Mang’u students collaborate with American peers to construct robotics

Mang'u High school administration block

Tech-savvy students at Mang’u School have collaborated with their US peers to construct a robot capable of accurately shooting foam rings into a bucket from a distance of seven metres.

Over a period of two weeks, a group of over 30 students from Mang’u High and Horace Mann School in New York, US, collaborated to construct the robot from scratch.

Five members of the robotics team from Horace Mann School visited Mang’u for the second time, following a previous trip in July last year, to assist their counterparts at Mang’u in finalizing the project.

Following an engagement with students from Horace Mann School that started last year, the students from Mang’u High succeeded in creating an automated drone capable of flying within the school premises.

The Horace Mann School ranks among the world’s top contenders in robotics, with its students competing under Team 5806 in the international First Robotics Competition (FRC) since 2015.

The FRC competitions aim to foster inspiration and recognition in science and technology. This international festivity of robotics sees nearly 10,000 teams annually build 70-kilogram industrial robots capable of complex functions like driving, throwing objects, and climbing structures.

In 2023, Horace Mann School was awarded a grant by the Alexander Capelluto Foundation, which encourages students to impact the world positively by creating hands-on projects that enhance conditions in their selected communities.

Utilizing the grant, Horace Mann School conducted a week-long series of robotics workshops at Mang’u, which included basic instruction on constructing, coding, and electrically engineering robots. In the programme, 30 students from Forms Two to Four were chosen for their keen interest and enthusiasm in engineering. By the end of last year, these Mang’u students had successfully built a robot capable of driving.


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This year, the students from Mang’u, in collaboration with their partners, enhanced the chassis constructed last year to develop a robot that can launch foam rings, which would have been a contender in the 2024 FRC season.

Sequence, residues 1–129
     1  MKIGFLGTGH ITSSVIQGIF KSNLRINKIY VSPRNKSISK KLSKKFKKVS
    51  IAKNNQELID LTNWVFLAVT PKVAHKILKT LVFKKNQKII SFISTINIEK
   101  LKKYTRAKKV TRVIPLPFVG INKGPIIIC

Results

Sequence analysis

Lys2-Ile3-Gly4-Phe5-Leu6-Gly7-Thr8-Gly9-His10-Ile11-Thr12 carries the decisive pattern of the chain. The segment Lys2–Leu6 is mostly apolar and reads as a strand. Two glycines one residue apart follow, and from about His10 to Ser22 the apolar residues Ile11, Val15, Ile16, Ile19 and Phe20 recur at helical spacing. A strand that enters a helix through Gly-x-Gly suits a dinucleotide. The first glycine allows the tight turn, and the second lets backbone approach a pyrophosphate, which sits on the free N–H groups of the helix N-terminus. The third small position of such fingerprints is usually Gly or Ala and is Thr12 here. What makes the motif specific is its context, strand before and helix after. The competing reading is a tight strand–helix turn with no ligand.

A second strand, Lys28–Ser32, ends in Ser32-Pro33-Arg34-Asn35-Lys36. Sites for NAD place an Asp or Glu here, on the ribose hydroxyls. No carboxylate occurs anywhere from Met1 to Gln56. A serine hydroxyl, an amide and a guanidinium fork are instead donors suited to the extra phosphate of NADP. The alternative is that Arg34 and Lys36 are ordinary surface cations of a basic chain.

“Considering that teams are given two months to build a robot during the official FRC season and Mang’u students accomplished this in just one week, this feat stands as a testament to their immense potential as a team,” said Sebastian Baxter, a student at Horace Mann School.

Baxter mentioned that robotics are increasingly becoming a part of everyday life. “There are dangerous jobs like firemen’s work and even the police. People in the developed world are increasingly refusing to take risks and for sure we don’t want to lose our jobs. We need them to embrace robotics so that the firemen and the police can work more in the background,” Baxter said.

Berk Yilmaz, another student, expressed that we are witnessing a robotics revolution. He noted that in fields such as space exploration, including missions to Mars and Venus, scientists are utilizing robots equipped with Artificial Intelligence (AI) to understand the conditions.

“Our time as members of an FRC team stands out as one of the best experiences of our lives, an experience every student, no matter their background, should have the chance to enjoy. Through competing in FRC, Mang’u robotics students will have the unparalleled opportunity to gain firsthand experience with mechanical, electrical, and software engineering, preparing them to become international leaders in the ever-growing, cutting-edge technology industries,” said Yilmaz.

By Frank Mugwe

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